Infographics (short for information graphics) are neat visual tools that can be used to convey several different topics. The use of colorful graphics and clear concise text makes organizing information a snap and allows teachers to present this information in a nice visual matter. Students benefit by the fact that they are not overwhelmed by lots of text and they don’t have to listen to the teacher lecture them on the stats and facts that can otherwise be shown by the infographic. There are also several sites that allow folks to create their own for FREE (see the resources below.) This post will share some of the resources I have collected on infographics.
(article from Rich Bagin, Executive Director National School Public Relations Association)
Many veteran superintendents will note that great communication skills will add years to your tenure as a successful superintendent. Dr. Jerry Weast, the now retired, long-term superintendent of the Montgomery County Public Schools in Maryland notes, “You can have the most innovative reform plan around, but if you are not effective in communicating about the plan, it will fail. I have seen good superintendents who do not put a priority on communication forced from their jobs … it happens because communication has not been made a priority, and is often approached only as an add-on or after thought.” NSPRA Executive Director Rich Bagin, APR, recently crafted ten PR tips for superintendents.
I have always been amazed by time-lapse photography. Now there are even ways, using digital technology, to time-lapse world maps from as far back as history can go. This post will share some of these maps with you so that you may share them with your students.
Maybe you have seen some of the strange-looking images like the one at the right. These are QR Codes that first became popular in Japan a few years back and thanks to the earthquake and tsunami we learned about the in the US. If you are already familiar with them and have a scanner, go ahead and scan that one – don’t worry it is just going to some information about me. Most businesses have recognized the power of marketing using these neat little barcodes and have even designed codes that resemble their logos. This post will give you some resources and examples about using QR Codes in the classroom.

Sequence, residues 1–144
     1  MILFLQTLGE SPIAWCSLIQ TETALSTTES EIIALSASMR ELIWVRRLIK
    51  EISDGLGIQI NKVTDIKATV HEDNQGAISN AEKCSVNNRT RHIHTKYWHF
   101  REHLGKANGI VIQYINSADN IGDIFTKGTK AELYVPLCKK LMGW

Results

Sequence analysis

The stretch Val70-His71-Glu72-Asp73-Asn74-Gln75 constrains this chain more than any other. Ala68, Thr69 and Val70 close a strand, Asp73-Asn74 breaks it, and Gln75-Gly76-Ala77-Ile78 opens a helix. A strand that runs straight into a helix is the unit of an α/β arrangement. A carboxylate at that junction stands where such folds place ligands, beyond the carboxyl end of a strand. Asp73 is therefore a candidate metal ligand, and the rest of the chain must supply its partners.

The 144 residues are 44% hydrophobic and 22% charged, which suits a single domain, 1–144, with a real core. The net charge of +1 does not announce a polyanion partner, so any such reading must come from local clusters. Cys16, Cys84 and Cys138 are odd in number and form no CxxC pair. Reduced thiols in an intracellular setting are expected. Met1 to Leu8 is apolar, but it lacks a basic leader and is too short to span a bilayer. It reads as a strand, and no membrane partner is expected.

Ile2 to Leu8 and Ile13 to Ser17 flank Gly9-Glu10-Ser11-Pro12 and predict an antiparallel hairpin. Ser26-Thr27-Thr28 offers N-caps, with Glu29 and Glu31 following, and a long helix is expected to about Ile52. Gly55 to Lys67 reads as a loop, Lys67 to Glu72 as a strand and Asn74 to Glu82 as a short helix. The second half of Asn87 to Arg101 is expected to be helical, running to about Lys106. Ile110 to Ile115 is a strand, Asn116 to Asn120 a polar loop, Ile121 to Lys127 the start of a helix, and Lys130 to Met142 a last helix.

“Science is for nerds, math is too hard.” How many times have your heard students express this sentiment. Science, Technology, Engineering and Math (STEM) are all important disciplines in education. Guiding our students to learn more about and participate in these subjects is paramount to the success of our economy in the future. According to Acheive, Inc, students that complete Algebra II in high school more than double their chances of obtaining a four-year college degree. This post will give you some resources for using STEM in your school.
The following article by Colleen Newquist first appeared in Education World in 2004 and was updated in 2007. The principles outlined still apply to today’s schools for effective public relations.
Are you looking to improve communications between school and home? Do you want to get the media to pay more attention to the good things that are going on in your school? Do you know how to handle a crisis? Public relations consultant William Harms offers tips for school administrators looking to put their best foot forward.
Since April 6, 1980, when Post-it-Notes debuted for public consumption, people have been awed by the usefulness of these paper, restickable and handy notes. In the web2.0 era several companies have created “Sticky Note” sites for folks to be able to use electronic versions of Post-it-Notes. Teachers in the classroom have started using them as well. This post will give you more information about one such site and its usefulness in the classroom.
“When Was the War of 1812 Fought?” Maybe you used to ask your buddies this question to make them think really hard or to make them look stupid. But how much do you know about the War of 1812? What is you are an American History teacher and you are looking for resources to help your students understand more about the War of 1812; where would you go? AS we celebrate 200 years since the War of 1812, this post will help you answer that question and give you a source of primary authentic documents and information that you can use to teach any topic in American History.
Your school’s or school district’s website is the number one communications tool that you have available. Designing an effective website is paramount so that your public will receive the message you are trying to communicate. Maintaining and updating your website is even more important in projecting the image of your school or district. In my job, I have the privilege (some would call it “the chore”) of visiting school and district websites from all over the nation. Unfortunately, most of those sites do not come close to meeting the standards necessary for communicating with your public. One reason this is so is because the Technology (not the Communications) department is responsible for the maintenance of the website (but that’s another story for another day.) This post will give you some tips so that you can create a site that will communicate a consistent, clear and concise message to your public.
Tweeting does not always have to be about reading 140 characters or searching for interesting tools or techniques to use in the classroom or trying to make connections to strengthen your PLN. Tweeting can also be fun – or at least the way we view the tweets and their impact around the world. Using some of the free tools that are available online, you can visualize tweets in different ways and this might even help to attract the tweeting interest of students and staff. This post will discuss some of those tools as well as provide links to other tools that you might want to explore yourself.